Moving to North Dakota: The New Census Estimates

Wendell Cox
Wendell Cox is principal of Demographia, an international public policy firm. He is a founding senior fellow at the Urban Reform Institute, Houston and a member of the Advisory Board of the Center for Demographics and Policy at Chapman University in Orange, California. Mayor Tom Bradley appointed him to three terms on the Los Angeles County Transportation Commission

With the exception of California, all of the 10 states losing the largest number of domestic migrants  were in the Northeast or the Midwest

The new state (and DC) population estimates indicate a  substantial slowdown in growth, from an annual rate of 0.93 percent during the  2000s to 0.75% between 2011 and 2012. This 20 percent slowdown in growth was  driven by a reduction in the crude birth rate to the lowest point ever recorded  in the United States (12.6 live births per 1000 population).

The big surprise was the population growth leader, North  Dakota, which has experienced a strong boom in natural resource extraction.  Between 1930 and 2010, North Dakota had lost population. However in the first  two years of the new decade, North Dakota has experienced strong growth, and  reached its population peak, according to the new estimates, in 2012. North Dakota’s  population growth rate between 2011 and 2012 was 2.17%. Nearby South Dakota  also grew rapidly, ranking 10th in population growth. The other fastest-growing  states were all in the South or the West. The District of Columbia, located in  the strongly growing Washington, DC Metropolitan area ranked second in growth  rate behind North Dakota (Figure 1).Screen shot 2013-01-03 at 7.35.36 AM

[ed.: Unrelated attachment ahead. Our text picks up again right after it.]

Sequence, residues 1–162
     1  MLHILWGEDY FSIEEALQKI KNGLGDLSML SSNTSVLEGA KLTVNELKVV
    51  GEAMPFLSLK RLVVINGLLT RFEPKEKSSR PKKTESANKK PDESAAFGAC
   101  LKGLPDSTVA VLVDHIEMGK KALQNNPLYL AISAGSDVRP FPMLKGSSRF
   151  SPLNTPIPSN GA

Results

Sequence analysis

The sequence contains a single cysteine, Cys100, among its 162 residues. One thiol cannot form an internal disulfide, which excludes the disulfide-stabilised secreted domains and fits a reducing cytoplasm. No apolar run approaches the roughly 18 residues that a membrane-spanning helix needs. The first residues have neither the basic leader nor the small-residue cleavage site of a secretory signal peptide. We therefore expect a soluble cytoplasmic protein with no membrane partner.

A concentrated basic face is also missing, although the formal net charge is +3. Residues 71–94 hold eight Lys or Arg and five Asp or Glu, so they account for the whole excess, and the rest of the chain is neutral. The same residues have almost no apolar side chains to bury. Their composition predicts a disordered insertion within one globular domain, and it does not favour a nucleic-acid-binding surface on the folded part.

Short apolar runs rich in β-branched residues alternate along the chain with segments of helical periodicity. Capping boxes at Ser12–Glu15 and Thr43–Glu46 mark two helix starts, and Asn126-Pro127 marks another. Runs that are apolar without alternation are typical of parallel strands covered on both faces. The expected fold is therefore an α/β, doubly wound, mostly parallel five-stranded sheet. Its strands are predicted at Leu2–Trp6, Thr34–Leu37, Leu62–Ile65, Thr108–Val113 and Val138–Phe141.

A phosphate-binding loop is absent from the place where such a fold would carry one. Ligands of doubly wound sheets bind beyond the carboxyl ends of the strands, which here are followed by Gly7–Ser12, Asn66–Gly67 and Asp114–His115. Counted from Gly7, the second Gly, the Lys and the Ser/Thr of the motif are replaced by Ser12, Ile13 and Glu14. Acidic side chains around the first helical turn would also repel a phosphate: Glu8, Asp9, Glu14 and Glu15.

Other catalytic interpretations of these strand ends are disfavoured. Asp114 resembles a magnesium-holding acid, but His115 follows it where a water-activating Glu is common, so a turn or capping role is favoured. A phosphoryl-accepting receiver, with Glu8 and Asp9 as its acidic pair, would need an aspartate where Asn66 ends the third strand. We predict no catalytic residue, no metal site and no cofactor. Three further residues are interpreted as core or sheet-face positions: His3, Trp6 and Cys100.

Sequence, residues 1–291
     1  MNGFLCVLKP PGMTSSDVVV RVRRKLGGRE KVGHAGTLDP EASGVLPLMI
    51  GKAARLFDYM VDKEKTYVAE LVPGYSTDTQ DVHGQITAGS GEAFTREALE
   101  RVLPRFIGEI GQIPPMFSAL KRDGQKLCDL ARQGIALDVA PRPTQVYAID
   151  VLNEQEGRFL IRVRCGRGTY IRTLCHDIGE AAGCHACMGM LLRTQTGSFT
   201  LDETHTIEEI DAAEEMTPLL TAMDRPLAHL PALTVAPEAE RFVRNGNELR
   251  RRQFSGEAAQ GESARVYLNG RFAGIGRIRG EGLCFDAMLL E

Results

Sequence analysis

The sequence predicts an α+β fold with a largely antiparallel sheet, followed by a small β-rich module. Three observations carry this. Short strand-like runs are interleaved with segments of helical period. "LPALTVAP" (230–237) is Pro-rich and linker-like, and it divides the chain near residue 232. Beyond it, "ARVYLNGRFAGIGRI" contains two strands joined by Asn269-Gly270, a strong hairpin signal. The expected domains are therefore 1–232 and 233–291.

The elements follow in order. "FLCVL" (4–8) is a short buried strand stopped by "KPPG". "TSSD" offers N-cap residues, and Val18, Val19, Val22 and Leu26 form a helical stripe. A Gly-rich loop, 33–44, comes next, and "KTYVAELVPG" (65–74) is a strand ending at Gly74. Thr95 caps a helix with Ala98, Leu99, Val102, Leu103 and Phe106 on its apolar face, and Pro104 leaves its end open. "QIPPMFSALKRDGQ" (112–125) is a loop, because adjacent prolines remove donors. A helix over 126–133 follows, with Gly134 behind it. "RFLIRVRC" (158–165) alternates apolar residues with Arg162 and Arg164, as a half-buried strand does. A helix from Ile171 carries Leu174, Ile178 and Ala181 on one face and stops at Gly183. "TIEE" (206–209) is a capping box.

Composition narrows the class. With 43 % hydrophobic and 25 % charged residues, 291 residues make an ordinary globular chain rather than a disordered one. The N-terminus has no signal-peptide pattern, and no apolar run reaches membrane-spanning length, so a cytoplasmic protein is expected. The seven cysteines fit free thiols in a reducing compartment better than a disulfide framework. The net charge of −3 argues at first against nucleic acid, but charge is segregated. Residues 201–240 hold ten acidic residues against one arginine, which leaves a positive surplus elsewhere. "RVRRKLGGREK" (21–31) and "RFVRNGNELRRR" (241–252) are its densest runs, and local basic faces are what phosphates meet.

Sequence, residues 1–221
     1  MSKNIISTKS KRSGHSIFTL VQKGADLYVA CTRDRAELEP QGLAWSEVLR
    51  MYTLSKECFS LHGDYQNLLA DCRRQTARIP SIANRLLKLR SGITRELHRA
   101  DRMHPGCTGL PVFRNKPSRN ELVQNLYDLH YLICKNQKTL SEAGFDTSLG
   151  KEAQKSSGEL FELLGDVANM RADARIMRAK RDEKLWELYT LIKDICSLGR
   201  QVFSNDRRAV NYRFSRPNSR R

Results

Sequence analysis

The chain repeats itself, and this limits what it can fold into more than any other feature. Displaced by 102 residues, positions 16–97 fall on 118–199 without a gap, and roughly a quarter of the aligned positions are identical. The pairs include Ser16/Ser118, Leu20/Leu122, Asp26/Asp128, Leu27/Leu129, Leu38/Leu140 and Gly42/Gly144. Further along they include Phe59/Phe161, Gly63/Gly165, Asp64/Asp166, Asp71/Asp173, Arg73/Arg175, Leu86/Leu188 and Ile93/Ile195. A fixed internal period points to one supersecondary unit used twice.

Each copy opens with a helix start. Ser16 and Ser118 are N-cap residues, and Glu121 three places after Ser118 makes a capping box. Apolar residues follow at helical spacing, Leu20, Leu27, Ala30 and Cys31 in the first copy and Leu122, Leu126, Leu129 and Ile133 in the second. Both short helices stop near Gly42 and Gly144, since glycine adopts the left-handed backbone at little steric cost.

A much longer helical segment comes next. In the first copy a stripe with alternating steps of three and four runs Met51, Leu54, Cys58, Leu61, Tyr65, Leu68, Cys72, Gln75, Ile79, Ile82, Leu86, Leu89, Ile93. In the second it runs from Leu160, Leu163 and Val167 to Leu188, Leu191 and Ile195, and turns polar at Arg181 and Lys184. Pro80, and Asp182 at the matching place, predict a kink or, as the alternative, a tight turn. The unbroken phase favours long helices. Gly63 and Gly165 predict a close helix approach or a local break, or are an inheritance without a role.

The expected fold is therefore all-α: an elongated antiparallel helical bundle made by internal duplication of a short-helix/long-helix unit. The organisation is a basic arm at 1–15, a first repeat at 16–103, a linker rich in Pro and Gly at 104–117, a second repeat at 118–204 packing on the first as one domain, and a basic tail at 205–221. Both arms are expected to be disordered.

Two states lost population, Vermont and Rhode Island, as the  Northeast and Midwest represented all but one of the 10 slowest growing states.  West Virginia, in the South, was also included among the slowest growing states  (Figure 2).

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The domestic migration trends continue to favor the South  and West. Texas continues to attract the largest number of domestic migrants  (141,000), followed by Florida (101,000). These two states have been the domestic migration leaders in the nation every year since 2000 (Figure 3). Screen shot 2013-01-03 at 7.36.06 AM

Four  states gained from 25,000 to 35,000 domestic migrants (Arizona, North Carolina,  Tennessee and South Carolina).

Generally, the same states continued to dominate domestic  migration losses, with New York losing the most migrants, Illinois ranking  second, followed by California, Ohio and Michigan. With the exception of California, all of the 10 states losing the largest number of domestic migrants  were in the Northeast or the Midwest (Figure 4).

Screen shot 2013-01-03 at 7.36.19 AM

Overall, domestic migration continues to be dominated by the  South, which attracted 354,000 residents from other states. The West added  52,000 domestic migrants, however virtually all of this gain occurred in the  Intermountain West. Gains in Oregon and Washington were far more than offset by  the large losses in California, as well as losses in Hawaii and Alaska. The  Intermountain West gained more than 70,000 domestic migrants. The Northeast  lost 221,000.

Crossposted on New Geography

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